By now, I'm sure everybody's heard tracks from Shatner's notorious The Transformed Man album released in 1968. Today, we're going to focus on the song "Spleen/Lucy in the Sky with Diamonds" and search for some much needed answers and closure to this vinyl enigma. Before we take off, take another listen.
|William Shatner - Lucy in the Sky With Diamonds .mp3|
|Found at bee mp3 search engine|
Question #1: Is he serious?
The album is so over-the top, that many think Shatner is merely having a good time and goofing around. Sorry. Shat is dead freaking serious. Shatner's liner notes which were originally penned when the album came out, make it clear that he was legitimately proud of his accomplishment. Go here to read the full text. Here's a taste.
The birth of this album grew out of the chance meeting of a handful of people - like different roads winding about for miles and then all coming together at one place - with each of us bringing a wealth of experience and know-how to the converging point...
I mean, c'mon, this Shatner we're talking about.... in his prime! He was incapable of creating anything but an overly indulgent piece of work. He gave new meaning the word "overacting"; this exactly the type of guy who's going to try to turn a Beatles song into a Shakespearean tragedy. Look up "histrionic personality disorder" and you're liable to find a picture of Shat.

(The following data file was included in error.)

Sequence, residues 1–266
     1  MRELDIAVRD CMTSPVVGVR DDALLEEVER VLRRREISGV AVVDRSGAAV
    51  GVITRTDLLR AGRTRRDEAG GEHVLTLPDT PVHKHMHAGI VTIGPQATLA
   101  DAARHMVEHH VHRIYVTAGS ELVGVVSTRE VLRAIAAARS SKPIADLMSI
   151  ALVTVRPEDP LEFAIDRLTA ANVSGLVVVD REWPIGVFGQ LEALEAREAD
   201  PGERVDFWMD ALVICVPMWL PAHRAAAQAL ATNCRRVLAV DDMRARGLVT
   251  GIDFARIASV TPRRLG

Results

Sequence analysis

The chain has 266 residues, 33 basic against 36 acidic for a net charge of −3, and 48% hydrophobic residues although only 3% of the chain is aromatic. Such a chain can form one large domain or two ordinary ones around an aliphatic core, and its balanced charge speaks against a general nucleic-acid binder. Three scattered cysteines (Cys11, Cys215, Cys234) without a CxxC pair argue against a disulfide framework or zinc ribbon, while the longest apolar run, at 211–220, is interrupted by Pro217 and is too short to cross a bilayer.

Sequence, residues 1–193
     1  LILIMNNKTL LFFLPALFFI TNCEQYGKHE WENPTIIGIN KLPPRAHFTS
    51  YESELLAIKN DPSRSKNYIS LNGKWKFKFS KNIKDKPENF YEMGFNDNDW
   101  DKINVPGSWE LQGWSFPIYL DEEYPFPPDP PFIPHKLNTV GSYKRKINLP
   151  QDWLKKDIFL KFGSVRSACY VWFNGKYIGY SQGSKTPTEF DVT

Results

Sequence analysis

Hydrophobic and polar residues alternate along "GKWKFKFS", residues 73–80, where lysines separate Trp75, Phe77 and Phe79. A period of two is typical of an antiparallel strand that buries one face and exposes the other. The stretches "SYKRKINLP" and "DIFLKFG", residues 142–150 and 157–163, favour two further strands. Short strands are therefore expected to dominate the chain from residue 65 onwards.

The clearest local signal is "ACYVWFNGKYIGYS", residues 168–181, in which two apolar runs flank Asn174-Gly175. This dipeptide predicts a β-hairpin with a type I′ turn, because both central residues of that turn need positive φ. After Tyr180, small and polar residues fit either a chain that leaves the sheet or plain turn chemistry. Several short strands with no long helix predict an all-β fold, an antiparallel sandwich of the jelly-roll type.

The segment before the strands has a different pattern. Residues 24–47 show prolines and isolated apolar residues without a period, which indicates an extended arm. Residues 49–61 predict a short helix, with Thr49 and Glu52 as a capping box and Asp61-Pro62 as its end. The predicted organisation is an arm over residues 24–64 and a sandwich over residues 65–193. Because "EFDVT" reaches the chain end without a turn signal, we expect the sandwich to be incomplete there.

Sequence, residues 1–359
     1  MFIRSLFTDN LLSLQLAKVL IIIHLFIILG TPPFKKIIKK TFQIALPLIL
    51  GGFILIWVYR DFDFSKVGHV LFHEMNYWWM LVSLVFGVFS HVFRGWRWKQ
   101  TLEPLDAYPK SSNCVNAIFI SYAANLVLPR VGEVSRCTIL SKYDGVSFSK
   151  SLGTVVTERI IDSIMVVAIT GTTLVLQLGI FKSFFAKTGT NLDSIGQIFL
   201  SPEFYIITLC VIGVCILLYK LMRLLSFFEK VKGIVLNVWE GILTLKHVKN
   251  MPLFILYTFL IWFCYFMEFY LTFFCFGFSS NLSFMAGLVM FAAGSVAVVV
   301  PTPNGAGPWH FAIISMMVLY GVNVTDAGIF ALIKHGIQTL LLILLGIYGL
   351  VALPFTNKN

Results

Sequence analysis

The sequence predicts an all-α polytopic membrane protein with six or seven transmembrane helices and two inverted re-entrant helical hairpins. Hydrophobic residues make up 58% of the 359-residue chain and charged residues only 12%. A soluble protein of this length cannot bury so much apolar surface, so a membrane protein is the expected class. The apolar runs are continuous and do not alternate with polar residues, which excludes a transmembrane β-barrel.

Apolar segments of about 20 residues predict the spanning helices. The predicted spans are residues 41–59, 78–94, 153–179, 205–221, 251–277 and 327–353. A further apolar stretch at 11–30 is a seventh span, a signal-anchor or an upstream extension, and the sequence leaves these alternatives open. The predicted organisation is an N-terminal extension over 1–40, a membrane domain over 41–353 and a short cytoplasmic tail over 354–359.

Question #2: Spleen?
The song is not just called "Lucy in the Sky with Diamonds". No, that would be too base and simpleminded for a man of such rich talents as Shatner. He had to have a impressionistic thought poetry before each track. The meaning is explained in the original liner notes:
The idea of grouping the numbers together in pairs is to unfold multiple perspectives of the same subject, like the two sides of a coin, tension and resolution.
In the case of "Spleen/Lucy in the Sky with Diamonds", the two sides of the coin are: "utter dejection - super elation". But why use the word "spleen"? The spleen is an organ once conceived as the seat of emotions or passions. Thus the phrase to denote an ill temper is to "vent one's spleen".
Question #3: What kind of sicko would produce an album like this?